MIAMI, Fla. - In August, John and Kelly Delgado moved their family to Homestead, Fla., from Indiana, thinking that John’s native South Florida was their land of opportunity.
They now regret the move.
‘‘We never have any money,’’ said Kelly, 32. ‘‘Every month, we’re robbing Peter to pay Paul and then figuring out how to do it again. It’s so expensive to live here. I can’t afford to buy uniforms for school. My son had a field trip; it cost $8. He used the birthday money, $12, my mom sent him. It’s been a very rough year.’’
The problem: John, 34, earns $6 an hour as a nursery laborer, while Kelly, a medical administrative assistant with two associate’s degrees, earns $8.50 an hour at a doctor’s office. It’s just not enough without food stamps, help from social service agencies and emergency cash from their parents.
The Delgados are part of a vast second-class economy of working poor people who cannot live on their salary alone.
‘‘These are people who are playing by all the rules of the game,’’ said Oren Wunderman, executive director of the nonprofit Family Resource Center of South Florida, which helped the Delgados find an apartment. ‘‘They’ve got jobs; they’re working. But they can’t make ends meet.’’
They’ve been dubbed the invisible work force. Because these people are working, they don’t qualify for many government benefits. But they don’t make enough — typically less than $10 an hour — to lift a family out of poverty.
And there will be more of them. Of the 20 occupations that the U.S. Labor Department expects will see the biggest growth between 2002 and 2012, 17 are considered low-wage jobs. Only three require college degrees.
In Florida, expanding industries such as retail and food service pay 15 percent less than contracting industries, such as manufacturing and information technology, reflecting a nationwide trend.
‘‘It’s not a lack of work ethic,’’ said Bruce Katz, vice president of the Brookings Institution, a Washington think tank. ‘‘It’s the structure of the economy that is creating jobs that don’t pay enough to make ends meet.’’
Treasury Secretary John Snow said the administration has implemented several policies that help low-income workers, including tax cuts and more training programs.
But liberal economists said the federal government is underestimating the problem because it doesn’t classify many low-wage workers as poor, due to unrealistically low poverty standards. The poverty rate rose from 11.7 percent in 2001 to 12.1 percent in 2002 — the latest statistic available.
For example, a family of four with an annual income of about $18,500 — an hourly wage of $8.89 — is poor, according to the federal government. In reality — according to the Economic Policy Institute, a Washington think tank — that family is extremely poor.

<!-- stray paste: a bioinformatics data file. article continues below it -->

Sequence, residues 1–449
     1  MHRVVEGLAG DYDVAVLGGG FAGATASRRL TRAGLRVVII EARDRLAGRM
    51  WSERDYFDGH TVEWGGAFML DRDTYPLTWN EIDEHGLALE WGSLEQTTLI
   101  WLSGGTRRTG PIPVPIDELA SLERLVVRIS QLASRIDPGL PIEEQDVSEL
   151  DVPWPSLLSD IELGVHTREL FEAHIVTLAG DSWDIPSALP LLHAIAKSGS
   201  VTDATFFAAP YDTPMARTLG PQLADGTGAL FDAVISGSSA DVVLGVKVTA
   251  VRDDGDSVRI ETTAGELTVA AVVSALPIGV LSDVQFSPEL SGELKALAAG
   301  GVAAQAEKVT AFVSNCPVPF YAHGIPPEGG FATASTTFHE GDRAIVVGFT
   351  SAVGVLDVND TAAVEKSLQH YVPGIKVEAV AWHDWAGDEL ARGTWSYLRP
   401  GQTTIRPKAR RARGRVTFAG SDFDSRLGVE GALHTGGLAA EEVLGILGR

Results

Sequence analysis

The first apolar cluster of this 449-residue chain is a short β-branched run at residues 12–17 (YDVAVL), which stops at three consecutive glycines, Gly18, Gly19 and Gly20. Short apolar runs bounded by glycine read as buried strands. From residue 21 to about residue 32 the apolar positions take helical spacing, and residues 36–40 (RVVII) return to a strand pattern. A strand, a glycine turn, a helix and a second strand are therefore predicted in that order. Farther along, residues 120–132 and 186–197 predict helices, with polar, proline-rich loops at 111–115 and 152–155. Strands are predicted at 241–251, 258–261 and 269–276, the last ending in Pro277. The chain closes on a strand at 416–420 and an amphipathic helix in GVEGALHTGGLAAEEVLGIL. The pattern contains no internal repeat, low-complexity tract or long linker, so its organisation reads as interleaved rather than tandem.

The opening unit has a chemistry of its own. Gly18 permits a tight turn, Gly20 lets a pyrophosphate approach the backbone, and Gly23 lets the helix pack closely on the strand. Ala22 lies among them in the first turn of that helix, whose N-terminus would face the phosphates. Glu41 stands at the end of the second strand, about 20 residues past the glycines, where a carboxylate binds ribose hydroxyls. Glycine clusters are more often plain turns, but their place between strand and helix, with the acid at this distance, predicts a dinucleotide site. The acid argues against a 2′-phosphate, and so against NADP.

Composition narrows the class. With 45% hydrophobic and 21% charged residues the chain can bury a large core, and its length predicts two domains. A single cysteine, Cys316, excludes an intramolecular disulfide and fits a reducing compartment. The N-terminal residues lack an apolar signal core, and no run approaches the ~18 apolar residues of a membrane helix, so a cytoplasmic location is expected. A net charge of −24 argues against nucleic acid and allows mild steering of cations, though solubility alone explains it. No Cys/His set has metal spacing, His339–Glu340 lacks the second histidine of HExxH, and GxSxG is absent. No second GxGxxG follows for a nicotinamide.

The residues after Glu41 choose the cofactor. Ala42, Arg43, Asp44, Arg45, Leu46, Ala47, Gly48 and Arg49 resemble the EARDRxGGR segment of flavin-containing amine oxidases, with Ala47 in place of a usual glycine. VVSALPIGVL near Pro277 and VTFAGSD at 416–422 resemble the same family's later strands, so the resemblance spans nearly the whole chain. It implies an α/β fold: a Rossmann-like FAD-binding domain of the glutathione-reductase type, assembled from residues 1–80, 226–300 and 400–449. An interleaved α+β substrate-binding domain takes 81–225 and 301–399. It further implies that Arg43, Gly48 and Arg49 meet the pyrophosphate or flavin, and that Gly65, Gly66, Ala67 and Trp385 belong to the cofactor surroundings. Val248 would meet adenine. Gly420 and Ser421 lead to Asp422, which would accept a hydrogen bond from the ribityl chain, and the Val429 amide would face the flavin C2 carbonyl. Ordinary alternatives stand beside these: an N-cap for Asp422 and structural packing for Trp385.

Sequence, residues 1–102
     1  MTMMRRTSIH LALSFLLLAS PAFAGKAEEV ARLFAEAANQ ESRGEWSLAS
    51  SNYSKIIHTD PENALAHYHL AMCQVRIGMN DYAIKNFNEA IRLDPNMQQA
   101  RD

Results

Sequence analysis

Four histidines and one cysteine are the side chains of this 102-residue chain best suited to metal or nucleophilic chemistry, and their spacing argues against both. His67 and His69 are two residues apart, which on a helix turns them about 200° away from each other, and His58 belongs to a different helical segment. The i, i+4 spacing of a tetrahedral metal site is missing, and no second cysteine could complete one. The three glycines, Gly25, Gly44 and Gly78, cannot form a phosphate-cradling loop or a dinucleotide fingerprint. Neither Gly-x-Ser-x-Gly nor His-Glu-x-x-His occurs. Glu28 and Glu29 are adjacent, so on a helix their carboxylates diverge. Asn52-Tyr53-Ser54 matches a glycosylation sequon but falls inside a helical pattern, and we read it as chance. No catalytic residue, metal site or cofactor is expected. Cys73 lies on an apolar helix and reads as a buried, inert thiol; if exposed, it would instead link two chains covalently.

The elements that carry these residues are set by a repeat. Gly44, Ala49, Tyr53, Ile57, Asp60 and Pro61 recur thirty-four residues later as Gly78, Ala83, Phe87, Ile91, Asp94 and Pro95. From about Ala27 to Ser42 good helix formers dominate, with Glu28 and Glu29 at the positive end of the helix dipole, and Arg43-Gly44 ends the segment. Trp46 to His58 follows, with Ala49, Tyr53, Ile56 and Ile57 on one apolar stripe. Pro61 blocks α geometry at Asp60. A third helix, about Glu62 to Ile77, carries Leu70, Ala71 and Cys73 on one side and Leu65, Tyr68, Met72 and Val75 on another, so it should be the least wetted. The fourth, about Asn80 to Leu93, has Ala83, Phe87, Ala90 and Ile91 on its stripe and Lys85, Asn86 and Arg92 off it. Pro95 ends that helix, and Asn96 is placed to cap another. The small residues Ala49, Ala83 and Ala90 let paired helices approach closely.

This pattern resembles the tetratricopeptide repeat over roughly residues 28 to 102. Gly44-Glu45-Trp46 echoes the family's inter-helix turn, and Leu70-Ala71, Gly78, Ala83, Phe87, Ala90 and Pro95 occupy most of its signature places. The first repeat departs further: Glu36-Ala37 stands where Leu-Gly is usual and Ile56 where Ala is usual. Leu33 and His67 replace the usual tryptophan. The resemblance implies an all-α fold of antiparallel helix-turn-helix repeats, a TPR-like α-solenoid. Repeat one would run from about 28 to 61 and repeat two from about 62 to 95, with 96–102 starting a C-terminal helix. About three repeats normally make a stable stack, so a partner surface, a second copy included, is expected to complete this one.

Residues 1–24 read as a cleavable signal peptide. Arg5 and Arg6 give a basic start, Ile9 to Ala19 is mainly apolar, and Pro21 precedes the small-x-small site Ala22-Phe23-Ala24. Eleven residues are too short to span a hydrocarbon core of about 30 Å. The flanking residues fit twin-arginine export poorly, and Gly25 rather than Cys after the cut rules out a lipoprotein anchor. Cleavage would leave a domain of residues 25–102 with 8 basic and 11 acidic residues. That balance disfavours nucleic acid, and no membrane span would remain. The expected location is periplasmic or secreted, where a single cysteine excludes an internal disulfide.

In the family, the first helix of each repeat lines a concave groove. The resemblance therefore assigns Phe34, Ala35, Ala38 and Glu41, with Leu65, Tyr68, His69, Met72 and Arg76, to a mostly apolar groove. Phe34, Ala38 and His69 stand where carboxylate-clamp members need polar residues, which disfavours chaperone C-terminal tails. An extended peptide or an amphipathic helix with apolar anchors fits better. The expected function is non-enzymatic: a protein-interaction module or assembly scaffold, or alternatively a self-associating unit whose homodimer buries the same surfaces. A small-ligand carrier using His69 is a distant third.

‘‘A good measure of poverty is twice the poverty line,’’ said Jared Bernstein, the institute’s senior economist. ‘‘A family of four with income below $30,000 in any city in this country is going to have trouble making ends meet.’’ A $30,000-a-year income requires an hourly salary of $14.42.
The working poor includes hotel maids, clerical workers, teacher’s aides and construction workers. They are not just unskilled labor, said Harriet Spivak, executive director of South Florida Workforce.
‘‘Many of these jobs require an associate’s degree or some training. They’re not lowskilled,’’ Spivak said.
But they typically don’t pay a wage sufficient to live on. About 24 percent of workers earn less than $9 an hour, the federal poverty line for a family of four, according to the Economic Policy Institute.
The growth in low-wage jobs essentially results from sweeping shifts in the U.S. economy — from manufacturing to services, from domestic to overseas production, from unionized to nonunion workers, from humans to automation. Add to that a highly competitive marketplace where low-overhead giants such as Wal-Mart drive costs down across the board.
And it looks as if things will worsen for low-wage earners because of other factors in the economy, economists and labor-market analysts say.
Although inflation has slowed in recent years to nearly negligible blips, the nation has undergone a housing boom that has brought skyrocketing rents and home prices. Solutions are far from easy. Social policy analysts said the government must devote more resources to the needs of the working poor — universal health care, more grants and loans for higher education, more slots for subsidized child care.
Some economists call for a bump in the $5.15-an-hour federal minimum wage, which hasn’t budged in seven years. That would boost incomes for 10 million low-rung workers, according to the Economic Policy Institute. Some employers are taking measures to help their low-wage work forces. Bank of America reimburses a portion of child care expenses to workers earning less than $34,000; Wachovia and Kraft Foods offer flexibility in schedules.
More will be needed if the United States wants to maintain its upward mobility and high living standards into the future, said Katz of the Brookings Institution.
‘‘We need to make work pay,’’ Katz said. ‘‘What is required is a new compact between firms, workers and government. I don’t think that most people would disagree that if you work, you shouldn’t be poor.’’